Each week, Weekend Edition Sunday brings listeners an unexpected side of the news by talking with someone personally affected by the stories making headlines.
Last week, the Obama administration announced historic regulations to limit carbon dioxide emissions. Policies to address climate change have been a tough sell among some Republicans on Capitol Hill, but also in many Christian congregations around the country.
Dan Brown does a lot of complicated historical research for his novels like The Da Vinci Code and The Lost Symbol. Sometimes, a simple raw number just jumps out at him, and onto the page.
"A couple years ago," he told me on WNPR's Where We Live, "I heard a statistic that just sort of floored me: In the last 80 years, the population on the planet Earth has tripled. I thought, 'That can't be right.'"
New federal regulations announced Monday aim to reduce carbon dioxide emissions from power plants by 30 percent by 2030.
The draft proposal from the Environmental Protection Agency has sparked opposition from industry groups who say the changes would be prohibitively expensive. But the proposal's backers say the rules are needed to cut carbon pollution that scientists say contributes to climate change.
Earlier this month, the National Climate Assessment was released, and the results are less than stellar. The report says, “Climate change, once considered an issue for a distant future, has moved firmly into the present.” The release of the climate assessment report prompted both of our local talk shows to tackle climate change last week, from very different perspectives.
The National Climate Assessment released earlier this month paints a bleak picture of the effects of climate change on not only the world - but right here in the northeast. “Climate change, once considered an issue for a distant future, has moved firmly into the present,” the report says.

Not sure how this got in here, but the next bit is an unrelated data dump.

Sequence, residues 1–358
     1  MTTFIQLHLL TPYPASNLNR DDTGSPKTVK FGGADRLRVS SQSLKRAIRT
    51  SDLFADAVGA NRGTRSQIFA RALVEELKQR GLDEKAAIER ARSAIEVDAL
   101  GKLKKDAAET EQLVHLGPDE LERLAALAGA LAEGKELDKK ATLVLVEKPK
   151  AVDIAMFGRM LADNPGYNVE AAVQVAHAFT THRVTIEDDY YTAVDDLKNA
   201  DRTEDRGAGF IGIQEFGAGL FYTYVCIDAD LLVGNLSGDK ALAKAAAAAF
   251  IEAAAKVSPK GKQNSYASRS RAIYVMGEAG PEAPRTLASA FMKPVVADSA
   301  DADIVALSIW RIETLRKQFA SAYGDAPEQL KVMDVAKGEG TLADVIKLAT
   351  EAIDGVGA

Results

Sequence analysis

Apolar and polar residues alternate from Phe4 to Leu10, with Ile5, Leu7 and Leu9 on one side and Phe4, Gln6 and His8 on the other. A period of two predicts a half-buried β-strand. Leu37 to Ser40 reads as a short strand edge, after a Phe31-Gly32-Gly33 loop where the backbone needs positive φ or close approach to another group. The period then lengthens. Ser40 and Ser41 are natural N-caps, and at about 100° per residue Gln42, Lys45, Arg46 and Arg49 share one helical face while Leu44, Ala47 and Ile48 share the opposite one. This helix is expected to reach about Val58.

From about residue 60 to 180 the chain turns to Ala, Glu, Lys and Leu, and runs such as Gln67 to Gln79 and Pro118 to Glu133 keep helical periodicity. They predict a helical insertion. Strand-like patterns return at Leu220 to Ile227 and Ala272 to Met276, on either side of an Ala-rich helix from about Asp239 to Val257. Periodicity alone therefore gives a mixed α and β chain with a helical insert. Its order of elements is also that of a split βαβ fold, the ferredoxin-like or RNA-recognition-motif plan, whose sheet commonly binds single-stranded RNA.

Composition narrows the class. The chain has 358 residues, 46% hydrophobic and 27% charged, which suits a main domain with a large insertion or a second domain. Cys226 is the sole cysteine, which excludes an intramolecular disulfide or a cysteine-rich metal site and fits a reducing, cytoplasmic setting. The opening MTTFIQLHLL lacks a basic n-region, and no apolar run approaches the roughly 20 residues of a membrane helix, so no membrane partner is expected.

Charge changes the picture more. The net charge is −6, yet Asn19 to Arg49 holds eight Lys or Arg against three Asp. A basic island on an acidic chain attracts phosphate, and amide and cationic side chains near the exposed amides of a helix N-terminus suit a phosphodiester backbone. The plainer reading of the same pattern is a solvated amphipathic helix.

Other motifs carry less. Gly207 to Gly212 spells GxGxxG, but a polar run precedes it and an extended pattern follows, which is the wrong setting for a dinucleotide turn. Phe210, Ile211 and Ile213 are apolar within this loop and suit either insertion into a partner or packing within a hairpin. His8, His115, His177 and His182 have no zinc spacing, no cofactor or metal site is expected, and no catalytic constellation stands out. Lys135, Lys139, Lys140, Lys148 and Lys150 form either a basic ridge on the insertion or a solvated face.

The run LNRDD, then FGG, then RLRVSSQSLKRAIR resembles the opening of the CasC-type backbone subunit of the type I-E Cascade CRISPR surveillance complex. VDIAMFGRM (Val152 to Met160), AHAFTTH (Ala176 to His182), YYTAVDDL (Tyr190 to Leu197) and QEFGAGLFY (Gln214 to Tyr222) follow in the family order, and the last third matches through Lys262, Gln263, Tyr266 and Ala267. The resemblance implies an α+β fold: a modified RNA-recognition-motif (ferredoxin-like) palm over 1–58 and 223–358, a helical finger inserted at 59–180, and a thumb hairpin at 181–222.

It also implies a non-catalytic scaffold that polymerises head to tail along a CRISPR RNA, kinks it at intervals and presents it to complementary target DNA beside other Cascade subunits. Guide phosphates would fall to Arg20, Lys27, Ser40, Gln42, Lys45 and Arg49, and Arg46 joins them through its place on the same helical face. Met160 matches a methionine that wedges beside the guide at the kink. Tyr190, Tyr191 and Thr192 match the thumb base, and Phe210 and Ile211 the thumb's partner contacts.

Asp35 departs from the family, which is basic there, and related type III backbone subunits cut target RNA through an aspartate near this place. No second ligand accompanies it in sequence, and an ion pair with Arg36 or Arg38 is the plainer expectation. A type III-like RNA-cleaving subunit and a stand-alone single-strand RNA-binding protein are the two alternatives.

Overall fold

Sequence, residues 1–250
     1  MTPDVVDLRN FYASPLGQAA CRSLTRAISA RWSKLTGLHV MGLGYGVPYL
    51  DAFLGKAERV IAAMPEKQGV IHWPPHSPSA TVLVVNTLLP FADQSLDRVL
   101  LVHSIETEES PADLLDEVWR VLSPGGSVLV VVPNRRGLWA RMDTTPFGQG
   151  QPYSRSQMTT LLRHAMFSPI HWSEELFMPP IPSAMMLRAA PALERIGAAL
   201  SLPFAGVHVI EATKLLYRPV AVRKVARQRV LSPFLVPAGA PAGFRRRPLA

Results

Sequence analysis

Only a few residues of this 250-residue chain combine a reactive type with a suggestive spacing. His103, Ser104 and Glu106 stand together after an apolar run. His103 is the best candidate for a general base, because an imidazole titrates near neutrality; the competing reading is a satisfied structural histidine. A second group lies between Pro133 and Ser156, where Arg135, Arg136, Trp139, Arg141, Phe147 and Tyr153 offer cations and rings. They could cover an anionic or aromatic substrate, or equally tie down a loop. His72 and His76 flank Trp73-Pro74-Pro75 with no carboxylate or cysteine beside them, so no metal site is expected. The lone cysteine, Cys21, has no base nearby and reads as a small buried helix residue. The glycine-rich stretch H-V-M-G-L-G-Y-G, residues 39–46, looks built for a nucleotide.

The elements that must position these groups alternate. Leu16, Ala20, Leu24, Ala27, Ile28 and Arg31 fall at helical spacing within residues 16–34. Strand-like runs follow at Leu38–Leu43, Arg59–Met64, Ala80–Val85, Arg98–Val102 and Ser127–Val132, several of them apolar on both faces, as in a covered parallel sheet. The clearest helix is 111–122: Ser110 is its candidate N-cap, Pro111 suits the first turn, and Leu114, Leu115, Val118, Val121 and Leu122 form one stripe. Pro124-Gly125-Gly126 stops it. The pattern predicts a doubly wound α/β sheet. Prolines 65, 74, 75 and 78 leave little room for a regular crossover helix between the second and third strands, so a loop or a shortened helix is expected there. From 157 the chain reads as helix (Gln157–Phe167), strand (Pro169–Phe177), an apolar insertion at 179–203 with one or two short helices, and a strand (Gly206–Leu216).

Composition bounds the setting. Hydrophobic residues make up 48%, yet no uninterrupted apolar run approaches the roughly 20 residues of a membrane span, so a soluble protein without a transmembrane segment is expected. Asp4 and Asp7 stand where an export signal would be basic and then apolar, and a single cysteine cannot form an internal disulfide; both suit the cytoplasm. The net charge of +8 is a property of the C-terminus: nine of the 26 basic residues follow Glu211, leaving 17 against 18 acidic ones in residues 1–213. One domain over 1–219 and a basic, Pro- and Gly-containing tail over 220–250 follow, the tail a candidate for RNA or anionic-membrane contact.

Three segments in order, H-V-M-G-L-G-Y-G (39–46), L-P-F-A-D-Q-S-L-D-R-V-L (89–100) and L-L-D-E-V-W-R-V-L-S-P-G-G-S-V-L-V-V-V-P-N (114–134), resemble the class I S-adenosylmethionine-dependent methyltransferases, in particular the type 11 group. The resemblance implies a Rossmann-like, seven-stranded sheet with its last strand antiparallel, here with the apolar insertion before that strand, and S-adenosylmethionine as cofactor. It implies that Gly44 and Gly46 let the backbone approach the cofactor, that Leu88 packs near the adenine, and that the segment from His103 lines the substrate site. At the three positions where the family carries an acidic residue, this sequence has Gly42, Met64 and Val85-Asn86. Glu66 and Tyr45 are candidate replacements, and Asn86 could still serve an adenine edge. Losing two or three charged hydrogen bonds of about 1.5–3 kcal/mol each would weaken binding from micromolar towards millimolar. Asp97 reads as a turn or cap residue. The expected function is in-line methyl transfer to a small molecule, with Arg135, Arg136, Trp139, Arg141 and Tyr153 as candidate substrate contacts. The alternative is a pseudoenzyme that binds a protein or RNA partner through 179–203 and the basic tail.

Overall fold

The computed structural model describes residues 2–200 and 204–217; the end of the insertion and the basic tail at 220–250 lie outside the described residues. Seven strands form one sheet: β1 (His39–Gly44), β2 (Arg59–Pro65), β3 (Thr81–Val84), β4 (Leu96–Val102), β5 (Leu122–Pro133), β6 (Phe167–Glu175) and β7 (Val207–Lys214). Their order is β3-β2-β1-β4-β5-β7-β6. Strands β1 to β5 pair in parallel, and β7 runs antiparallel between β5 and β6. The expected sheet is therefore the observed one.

We’re teaming up with The Colin McEnroe Show for a big discussion on climate change and how we’re adapting to a changing world.
Last week, scientists warned that a massive chunk of the West Antarctica Ice Sheet will eventually drift into the sea and melt, raising sea levels at least 10 feet higher than previous predictions.
Even before the announcement, scientists at the nonprofit research organization Climate Central predicted that surging seas could put the homes of nearly 5 million Americans underwater by the end of this century.
Scientists have long worried about climate change-induced melting of the huge West Antarctic Ice Sheet. Now they say that not only is the disintegration of the ice already underway, but that it's likely unstoppable.
That means that in the coming centuries, global sea levels will rise by anywhere from 4 to 12 feet. As NPR's Nell Greenfieldboyce reports, that's a larger increase than the United Nations expert panel noted last year. But it would occur over a longer time frame — centuries instead of decades.
Climate change is linked to more floods, hotter and drier weather, and melting sea ice, but it could also affect infectious diseases like Lyme disease and West Nile Virus. The problem is we don't know how.
NPR's Elizabeth Shogren tells our Newscast unit the third National Climate Assessment is the most comprehensive look at climate change that the government has ever produced. It was put together by more than 300 experts "guided by a 60-member Federal Advisory Committee."